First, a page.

The build cache facility of saker.build is still work in progress. See Build cache.
The build system provides the functionality of caching the results of tasks. When tasks can be cached, the build system will attempt to retrieve its results from a shared cache database and make them available in the build system without actually invoking the associated task.
See also: Build cache.
In order for a task to be cacheable, they need to declare the capability that allows the build system to handle the task in a cacheable way. This capability can be reported by overriding the appropriate function of
TaskFactory. See Task capabilities.
Tasks which want to be cacheable are recommended to adhere to the following restrictions:
- The task identifier for the task should have a stable
hashCode. This means that the task identifier should return the same hash code for the same objects between different executions of the Java process. This usually requires that the task identifier doesn't derive its hash code from the identity hash code, class hash code, or in any way runtime dependent values. With that in mind, enums cannot be used as task identifiers, because their hash code is not stable.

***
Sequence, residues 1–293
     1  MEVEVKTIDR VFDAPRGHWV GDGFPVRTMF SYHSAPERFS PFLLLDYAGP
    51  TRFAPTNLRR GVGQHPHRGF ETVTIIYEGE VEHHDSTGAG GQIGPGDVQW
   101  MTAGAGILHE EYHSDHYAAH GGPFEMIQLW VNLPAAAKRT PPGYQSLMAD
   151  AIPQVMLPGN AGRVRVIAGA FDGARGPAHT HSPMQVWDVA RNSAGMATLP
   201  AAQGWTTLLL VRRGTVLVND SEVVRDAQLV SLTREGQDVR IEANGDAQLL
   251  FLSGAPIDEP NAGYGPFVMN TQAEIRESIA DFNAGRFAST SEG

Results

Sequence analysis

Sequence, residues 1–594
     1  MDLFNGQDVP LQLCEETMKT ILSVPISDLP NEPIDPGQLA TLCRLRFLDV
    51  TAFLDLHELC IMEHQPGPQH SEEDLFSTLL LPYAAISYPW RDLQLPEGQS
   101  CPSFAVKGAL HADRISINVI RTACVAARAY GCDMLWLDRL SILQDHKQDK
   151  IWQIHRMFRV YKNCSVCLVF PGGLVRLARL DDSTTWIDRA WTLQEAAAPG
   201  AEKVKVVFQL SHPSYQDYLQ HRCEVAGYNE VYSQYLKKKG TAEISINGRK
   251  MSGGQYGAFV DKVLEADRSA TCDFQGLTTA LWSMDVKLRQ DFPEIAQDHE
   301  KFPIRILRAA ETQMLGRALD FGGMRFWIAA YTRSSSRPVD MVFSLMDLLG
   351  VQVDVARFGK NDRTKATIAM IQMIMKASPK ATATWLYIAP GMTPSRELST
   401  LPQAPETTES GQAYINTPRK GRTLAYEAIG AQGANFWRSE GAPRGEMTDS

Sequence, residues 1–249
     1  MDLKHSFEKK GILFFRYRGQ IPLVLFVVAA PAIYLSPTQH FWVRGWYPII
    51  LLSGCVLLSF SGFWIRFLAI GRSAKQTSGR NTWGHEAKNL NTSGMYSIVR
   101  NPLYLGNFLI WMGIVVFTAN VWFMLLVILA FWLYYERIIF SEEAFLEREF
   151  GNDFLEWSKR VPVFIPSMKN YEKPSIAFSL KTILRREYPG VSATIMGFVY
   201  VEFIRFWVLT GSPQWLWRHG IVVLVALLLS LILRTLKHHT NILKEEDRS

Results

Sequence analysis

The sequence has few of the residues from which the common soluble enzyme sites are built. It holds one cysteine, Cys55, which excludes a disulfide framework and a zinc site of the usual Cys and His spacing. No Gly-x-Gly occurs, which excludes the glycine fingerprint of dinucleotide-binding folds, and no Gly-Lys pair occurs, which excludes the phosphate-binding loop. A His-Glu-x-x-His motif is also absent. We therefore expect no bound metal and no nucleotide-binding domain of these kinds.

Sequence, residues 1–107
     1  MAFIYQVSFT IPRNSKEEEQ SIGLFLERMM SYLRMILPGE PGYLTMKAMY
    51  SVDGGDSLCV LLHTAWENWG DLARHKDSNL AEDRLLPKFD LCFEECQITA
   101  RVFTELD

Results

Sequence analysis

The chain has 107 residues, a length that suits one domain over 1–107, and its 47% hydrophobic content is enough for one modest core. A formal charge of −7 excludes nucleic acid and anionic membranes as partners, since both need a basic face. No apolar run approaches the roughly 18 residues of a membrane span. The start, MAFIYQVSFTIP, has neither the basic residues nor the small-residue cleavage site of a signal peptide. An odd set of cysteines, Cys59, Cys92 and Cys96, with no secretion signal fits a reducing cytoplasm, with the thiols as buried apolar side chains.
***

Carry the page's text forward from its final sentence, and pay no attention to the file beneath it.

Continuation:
- The task cannot wait on the result of another task, but it can only retrieve its finished results. This means that the task may only use the finished result retrieval methods of other tasks. This requirement is aligned with the computation token usage.
The above restrictions are not hard restrictions, meaning that in case of their violation, the build runtime will not throw an exception, but just ignore the task instance for possible build cache usage.
The above restrictions are required in order to provide an efficient and sane implementation for the build system, and may be lifted in the future, but task implementations should align their behaviour with these in place nonetheless.
As a general rule of thumb, only tasks should report this capability which do more work than the time it takes to retrieve their results from a network cache. That is, the time the task computation takes should outweight the network communication times.